As U.N. Secretary General Ban Ki-moon urges poor nations to consolidate their efforts towards a common appproach to the rest of the world, Caribbean Community (CARICOM) leaders still appear adrift after 33 years of existence of the institution, established in July, 1973.
After meeting last weekend at a special session for two days at a western Guyana jungle resort to discuss pressing issues, including the appointment of a new chief executive, CARICOM say they will put plans to have a European Union-styled single trading currency on hold for now while working to strengthen the single trading market.
The two-day meeting outside the gold-mining river town of Bartica ended late Sunday with an announcement that no real effort will be made to pursue the enactment of a single currency because they are struggling with some aspects of the single trading market, the official communiqué stated.
“They agreed it may be best to pause and consolidate the gains of the single market before taking any further action on certain specific elements of the single economy, such as the creation of a single currency,” the announcement said.
Leaders have struggled to get some aspects of the single market system up and running, particularly issues dealing with free movement of people as Barbados and some other countries which fear being swamped by immigrants, have put restrictions on free travel within the bloc.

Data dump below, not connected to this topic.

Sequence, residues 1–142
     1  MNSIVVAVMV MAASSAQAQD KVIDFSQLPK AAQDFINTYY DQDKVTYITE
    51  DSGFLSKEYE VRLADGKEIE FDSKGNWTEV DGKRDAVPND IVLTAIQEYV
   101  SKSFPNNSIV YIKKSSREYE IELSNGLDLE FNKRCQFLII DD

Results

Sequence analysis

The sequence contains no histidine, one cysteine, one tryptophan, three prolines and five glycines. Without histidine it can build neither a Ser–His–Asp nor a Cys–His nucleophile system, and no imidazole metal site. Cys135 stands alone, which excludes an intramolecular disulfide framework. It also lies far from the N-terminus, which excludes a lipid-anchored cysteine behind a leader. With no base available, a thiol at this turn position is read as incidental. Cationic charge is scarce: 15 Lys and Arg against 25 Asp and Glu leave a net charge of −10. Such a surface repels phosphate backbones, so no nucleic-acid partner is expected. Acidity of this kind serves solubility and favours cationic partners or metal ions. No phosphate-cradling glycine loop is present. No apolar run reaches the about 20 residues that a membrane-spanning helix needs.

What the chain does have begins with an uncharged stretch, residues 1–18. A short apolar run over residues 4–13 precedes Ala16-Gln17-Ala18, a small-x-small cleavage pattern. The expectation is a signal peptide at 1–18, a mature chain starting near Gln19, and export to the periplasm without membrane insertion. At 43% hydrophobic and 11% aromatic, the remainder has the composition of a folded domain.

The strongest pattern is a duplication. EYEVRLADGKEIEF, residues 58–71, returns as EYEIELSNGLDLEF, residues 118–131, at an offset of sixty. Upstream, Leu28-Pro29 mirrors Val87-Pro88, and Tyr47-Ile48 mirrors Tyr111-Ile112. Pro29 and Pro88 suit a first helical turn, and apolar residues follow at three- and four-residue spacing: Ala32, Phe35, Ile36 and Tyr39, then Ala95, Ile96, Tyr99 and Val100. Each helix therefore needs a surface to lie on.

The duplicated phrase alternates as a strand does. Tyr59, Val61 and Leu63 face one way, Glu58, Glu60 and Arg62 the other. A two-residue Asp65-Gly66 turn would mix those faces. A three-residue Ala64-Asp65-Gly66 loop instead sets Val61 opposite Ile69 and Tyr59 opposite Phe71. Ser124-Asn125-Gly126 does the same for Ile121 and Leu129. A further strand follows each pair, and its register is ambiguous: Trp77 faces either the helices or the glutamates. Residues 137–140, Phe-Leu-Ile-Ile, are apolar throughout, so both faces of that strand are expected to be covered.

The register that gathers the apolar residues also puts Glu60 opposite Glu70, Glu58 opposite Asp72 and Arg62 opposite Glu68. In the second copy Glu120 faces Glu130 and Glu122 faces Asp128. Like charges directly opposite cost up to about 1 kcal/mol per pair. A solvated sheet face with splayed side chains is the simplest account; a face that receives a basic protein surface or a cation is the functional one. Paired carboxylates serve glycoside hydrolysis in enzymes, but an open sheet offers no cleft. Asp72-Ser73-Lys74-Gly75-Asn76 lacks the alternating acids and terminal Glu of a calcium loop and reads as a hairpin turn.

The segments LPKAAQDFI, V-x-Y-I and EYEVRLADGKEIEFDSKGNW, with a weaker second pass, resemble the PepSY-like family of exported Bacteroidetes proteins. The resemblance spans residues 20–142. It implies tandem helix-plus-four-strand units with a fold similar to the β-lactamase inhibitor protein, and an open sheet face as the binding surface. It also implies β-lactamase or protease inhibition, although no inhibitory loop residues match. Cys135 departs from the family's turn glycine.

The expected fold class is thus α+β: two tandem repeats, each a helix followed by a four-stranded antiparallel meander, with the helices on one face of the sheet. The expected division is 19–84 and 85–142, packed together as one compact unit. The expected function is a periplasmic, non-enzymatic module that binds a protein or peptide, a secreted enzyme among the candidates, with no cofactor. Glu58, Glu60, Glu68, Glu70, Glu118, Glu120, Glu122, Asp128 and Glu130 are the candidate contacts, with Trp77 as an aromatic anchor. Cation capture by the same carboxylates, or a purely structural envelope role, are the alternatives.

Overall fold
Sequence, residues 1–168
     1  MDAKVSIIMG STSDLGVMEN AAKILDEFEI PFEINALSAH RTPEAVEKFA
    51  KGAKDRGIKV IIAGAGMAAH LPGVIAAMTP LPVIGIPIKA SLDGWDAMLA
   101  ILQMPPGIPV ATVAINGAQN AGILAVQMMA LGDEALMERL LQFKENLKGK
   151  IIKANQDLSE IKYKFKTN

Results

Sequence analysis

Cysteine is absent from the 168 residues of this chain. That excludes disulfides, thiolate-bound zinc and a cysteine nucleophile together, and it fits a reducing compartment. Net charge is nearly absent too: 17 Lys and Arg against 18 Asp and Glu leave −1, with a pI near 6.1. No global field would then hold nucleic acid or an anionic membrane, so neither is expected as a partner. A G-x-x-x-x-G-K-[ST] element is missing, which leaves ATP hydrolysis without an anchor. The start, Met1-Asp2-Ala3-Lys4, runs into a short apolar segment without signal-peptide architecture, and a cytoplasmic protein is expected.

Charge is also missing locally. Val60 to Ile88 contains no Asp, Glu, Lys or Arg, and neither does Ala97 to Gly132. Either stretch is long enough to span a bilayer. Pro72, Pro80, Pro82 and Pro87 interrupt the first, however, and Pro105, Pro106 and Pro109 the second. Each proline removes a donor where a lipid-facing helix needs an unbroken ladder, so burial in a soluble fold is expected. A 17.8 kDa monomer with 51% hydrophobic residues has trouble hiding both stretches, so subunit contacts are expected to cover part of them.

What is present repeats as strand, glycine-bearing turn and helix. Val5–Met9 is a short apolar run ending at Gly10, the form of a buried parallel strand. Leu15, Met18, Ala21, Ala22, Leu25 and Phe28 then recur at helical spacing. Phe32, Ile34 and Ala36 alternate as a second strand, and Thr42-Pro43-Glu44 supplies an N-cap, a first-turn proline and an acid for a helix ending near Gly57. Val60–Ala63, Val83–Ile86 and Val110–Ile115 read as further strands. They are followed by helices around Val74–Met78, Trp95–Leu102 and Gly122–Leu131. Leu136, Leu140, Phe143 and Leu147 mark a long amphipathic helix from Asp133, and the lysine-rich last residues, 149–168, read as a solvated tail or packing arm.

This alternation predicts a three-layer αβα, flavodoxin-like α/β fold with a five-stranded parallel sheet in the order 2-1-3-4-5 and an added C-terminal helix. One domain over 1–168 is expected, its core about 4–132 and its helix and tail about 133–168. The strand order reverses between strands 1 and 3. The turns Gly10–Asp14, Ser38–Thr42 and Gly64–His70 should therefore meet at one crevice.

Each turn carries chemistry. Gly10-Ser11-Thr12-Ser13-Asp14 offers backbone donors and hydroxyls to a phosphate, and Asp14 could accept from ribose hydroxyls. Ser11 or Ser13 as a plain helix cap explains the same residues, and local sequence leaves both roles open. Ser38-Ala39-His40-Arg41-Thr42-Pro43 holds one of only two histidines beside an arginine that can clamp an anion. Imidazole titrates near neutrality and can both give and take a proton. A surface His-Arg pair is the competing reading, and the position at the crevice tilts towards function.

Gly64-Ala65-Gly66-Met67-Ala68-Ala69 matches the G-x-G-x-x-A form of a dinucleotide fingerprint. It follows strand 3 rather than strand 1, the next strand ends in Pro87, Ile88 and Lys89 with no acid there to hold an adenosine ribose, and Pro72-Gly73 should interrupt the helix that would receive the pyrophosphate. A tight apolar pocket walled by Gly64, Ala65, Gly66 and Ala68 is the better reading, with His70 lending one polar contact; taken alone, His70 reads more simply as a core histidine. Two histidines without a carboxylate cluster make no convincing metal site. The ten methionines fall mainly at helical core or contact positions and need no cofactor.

Tourist paradise, The Bahamas, has said from the outset it is not interested in free travel, while some widely reported negative incidents involving immigration authorities in Barbados appear to have dented the level of faith ordinary people have in free travel. The government there recently said non-citizens and visitors must pay for health care except in cases of emergencies.
Meanwhile, the grouping of presidents and prime ministers say they are also holding back on appointing a permanent council of ambassadors from each of the 15 member-bloc states, to follow through on decisions of heads of government and ministerial conferences because they are waiting on the completion of a review of the functioning of the Guyana-based secretariat “before taking any firm decisions” in that area.
The meeting also held back on appointing a new secretary general to replace Tobago-born Edwin Carrington who quit after 18 years last summer, saying that their early July conference in St. Kitts will deliberate on that issue.
Ten of the 15 leaders attended the meeting. Trinidad, the bloc’s largest economy and biggest donor, did not send any representative, blaming preparations for the first anniversary of the coalition government this week for its absence.